Liam Adams convicted of raping and abusing daughter
Liam Adams, a brother of Sinn Féin's Gerry Adams, has been convicted of raping and abusing his daughter.
Adams, 58, from Bernagh Drive, Belfast, was found guilty of ten offences, including rape and gross indecency, against his daughter, Áine Adams.
The abuse was committed over a six-year period between 1977 and 1983, when she was aged between four and nine.
Áine Adams said she could begin her life at 40 and "lay to rest the memory of the five-year-old who was abused".
In a statement, read out by a police officer, she said: "I do not see this verdict as a victory, nor a celebration, as it has taken its toll and has caused hurt, heartache and anguish to all those involved."
Áine Adams had waived her right to anonymity throughout the trial.
Liam Adams consistently denied the charges throughout the two-week trial.
However, a jury of nine men and three women convicted Adams on all charges, following four hours of deliberation, with a majority verdict of eleven to one.
Details of the abuse were outlined during the trial including how Áine Adams had been raped while her mother gave birth in hospital to her brother.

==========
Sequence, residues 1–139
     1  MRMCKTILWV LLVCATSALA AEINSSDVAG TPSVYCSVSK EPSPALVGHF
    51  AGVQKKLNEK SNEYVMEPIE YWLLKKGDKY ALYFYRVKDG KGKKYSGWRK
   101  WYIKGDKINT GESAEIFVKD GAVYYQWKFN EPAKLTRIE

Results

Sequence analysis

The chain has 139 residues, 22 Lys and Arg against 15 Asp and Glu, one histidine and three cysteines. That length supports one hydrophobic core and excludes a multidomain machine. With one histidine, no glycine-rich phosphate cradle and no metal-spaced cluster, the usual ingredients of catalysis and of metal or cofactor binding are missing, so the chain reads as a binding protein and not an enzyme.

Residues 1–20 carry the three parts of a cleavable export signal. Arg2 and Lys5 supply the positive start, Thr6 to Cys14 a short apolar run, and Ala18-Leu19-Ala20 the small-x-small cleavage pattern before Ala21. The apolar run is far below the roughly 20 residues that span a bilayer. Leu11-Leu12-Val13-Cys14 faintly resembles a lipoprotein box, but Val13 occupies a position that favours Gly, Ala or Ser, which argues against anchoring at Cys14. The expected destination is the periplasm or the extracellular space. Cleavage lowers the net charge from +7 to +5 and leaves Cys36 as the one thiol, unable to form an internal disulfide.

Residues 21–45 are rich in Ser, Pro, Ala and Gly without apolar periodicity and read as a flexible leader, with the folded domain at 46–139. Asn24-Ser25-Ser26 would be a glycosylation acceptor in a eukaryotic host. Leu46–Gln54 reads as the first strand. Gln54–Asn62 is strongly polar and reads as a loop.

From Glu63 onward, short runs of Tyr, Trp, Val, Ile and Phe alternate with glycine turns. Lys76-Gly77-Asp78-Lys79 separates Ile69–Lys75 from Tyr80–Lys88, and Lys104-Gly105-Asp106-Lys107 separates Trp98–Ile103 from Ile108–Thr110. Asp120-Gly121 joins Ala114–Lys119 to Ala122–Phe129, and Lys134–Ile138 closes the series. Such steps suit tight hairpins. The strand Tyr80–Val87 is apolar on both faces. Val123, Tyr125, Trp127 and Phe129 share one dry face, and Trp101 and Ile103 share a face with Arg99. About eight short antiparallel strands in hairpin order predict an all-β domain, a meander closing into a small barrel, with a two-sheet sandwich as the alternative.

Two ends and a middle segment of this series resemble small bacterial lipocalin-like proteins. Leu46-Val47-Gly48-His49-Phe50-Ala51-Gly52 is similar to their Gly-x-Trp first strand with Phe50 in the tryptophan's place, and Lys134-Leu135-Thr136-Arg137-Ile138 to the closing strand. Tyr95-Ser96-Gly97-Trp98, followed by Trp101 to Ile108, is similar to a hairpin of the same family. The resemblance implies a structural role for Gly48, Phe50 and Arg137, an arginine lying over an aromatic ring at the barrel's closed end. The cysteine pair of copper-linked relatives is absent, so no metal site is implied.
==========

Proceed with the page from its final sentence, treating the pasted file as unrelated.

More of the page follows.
Giving evidence in his own defence, Liam Adams said the abuse did not happen.
The court also heard how Gerry Adams had accompanied his niece, Áine, and her mother to Buncrana in County Donegal to confront Liam Adams about the allegations.
She was just 13 but although she made a complaint to the police in 1987, she did not pursue it until 2007 when Liam Adams was arrested.
The allegations were first reported when his daughter took part in a documentary in 2009 for Northern Ireland's independent, commercial television station, UTV.
This was the second trial. The first trial collapsed in April for legal reasons.
Adams handed himself in to police in Dublin in 2010 after a European arrest warrant was issued by the Police Service of Northern Ireland.
He was extradited to Northern Ireland in November 2011 after losing a legal battle to remain in the Republic of Ireland, where he had been living.
Adams said he had feared he would not get a fair trial in the north.
In a statement, issued on Tuesday night, Gerry Adams said: "This has been a difficult and distressing ordeal for all my family and for my niece, Áine
"I would ask the media to respect our right to space and privacy.
"I thank the many people who have sent messages of support and solidarity."